SaaS – Software as a Service
Ongoing payments and updates
Saas is a fast growing concept. With SaaS (Software as a Service) you pay continuously for the software service you use, your software solutions are frequently updated and there is always easy access to programs when and where you need them. When you buy a SaaS product you therefore also get an online solution which means that you do not have an actual installation on your computer and that you no longer need to think about backups and updates.
Due to a number of obvious advantages concerning flexibility, scalability and payment model, there are currently many companies that either tests or implements Software as a Service solutions.
SaaS solutions are often sold out from the premise that they are extremely fast and simple to implement. Therefore, it can be difficult for companies to understand that SaaS solutions can be costly to integrate.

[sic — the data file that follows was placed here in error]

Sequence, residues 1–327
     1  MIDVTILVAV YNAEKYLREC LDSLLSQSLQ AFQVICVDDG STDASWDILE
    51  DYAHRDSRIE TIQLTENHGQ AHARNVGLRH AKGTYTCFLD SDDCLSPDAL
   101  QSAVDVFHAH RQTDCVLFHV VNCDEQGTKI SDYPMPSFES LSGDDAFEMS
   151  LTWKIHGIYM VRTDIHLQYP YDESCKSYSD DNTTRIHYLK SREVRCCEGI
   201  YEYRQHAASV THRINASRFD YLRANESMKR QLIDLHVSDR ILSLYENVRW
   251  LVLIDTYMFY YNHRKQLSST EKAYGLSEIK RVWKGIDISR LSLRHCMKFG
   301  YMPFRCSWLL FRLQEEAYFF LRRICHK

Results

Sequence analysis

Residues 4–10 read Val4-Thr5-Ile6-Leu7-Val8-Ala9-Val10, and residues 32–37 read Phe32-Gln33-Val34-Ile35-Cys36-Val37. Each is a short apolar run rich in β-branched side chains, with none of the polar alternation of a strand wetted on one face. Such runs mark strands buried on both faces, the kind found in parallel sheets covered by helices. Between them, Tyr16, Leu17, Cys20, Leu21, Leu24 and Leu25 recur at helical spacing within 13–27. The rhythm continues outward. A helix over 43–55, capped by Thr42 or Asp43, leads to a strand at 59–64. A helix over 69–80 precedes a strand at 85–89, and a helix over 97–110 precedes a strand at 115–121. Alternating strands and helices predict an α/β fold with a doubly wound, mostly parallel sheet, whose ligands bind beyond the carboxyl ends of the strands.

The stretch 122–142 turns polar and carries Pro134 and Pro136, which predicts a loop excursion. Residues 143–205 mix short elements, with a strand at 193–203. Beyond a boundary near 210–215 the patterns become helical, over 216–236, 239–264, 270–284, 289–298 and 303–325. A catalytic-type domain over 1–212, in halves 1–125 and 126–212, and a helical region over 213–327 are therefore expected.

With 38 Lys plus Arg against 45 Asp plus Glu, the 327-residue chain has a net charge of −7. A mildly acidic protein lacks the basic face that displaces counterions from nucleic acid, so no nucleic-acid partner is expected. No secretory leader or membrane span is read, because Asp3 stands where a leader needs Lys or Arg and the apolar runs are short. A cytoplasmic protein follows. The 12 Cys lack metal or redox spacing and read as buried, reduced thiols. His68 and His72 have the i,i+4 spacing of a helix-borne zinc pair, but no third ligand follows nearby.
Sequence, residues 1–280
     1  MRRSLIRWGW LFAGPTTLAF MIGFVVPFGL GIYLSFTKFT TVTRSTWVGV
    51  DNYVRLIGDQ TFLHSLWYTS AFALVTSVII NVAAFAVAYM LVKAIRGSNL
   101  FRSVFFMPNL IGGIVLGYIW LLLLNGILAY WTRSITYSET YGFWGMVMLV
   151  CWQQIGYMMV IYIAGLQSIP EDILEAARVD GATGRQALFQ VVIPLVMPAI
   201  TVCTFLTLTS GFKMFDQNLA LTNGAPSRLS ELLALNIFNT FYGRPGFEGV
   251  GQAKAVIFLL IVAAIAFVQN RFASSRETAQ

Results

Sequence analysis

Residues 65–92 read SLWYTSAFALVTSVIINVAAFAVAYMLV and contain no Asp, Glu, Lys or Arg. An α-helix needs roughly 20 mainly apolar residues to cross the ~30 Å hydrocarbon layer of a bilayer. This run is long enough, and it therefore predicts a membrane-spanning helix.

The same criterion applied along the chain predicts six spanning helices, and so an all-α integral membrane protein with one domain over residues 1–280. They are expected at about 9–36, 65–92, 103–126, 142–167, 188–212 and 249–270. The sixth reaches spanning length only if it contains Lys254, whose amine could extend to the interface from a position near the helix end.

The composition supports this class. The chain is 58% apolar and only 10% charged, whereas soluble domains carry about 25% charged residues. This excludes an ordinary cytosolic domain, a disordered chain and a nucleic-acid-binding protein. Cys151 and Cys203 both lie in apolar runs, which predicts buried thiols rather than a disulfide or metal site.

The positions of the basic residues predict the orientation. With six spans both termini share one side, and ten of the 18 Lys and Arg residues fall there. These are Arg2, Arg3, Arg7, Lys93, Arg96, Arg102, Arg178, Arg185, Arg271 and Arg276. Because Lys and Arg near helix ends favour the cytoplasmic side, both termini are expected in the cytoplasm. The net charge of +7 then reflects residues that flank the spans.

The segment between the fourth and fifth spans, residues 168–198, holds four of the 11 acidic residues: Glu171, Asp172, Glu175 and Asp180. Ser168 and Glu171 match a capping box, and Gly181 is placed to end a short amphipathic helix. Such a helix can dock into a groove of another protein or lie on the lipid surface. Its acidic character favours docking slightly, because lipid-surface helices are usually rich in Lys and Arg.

The thing to remember is that when moving into the SaaS market is that cloud solutions still requires both architecture and integration. Indeed, one can argue that with SaaS solutions is an even greater need to design integrations.
The market for SaaS solutions continues to grow and it is far from certain that the specific solution you choose is the optimal solution in just a few years.
Disadvantages of SaaS
If you want highly specialized and customized software solutions, SaaS may not be the optimal solution. SaaS solutions tend often to be assembly line solutions. The suppliers often have greatest benefit by economies of scale and therefore develops products which, in principle, are suitable for all companies, which in turn deprives the individual customer the possibility to configure the applications to their own specific preferences, or for that matter, to negotiate the price of the product.
An obvious disadvantage is of course that most SaaS solutions require Internet access to function optimally. This obviously means that you in most cases are unable to work offline.
One often overlooked problem is that the SaaS suppliers' customer service in most cases, little or, at worst, outright non-existent.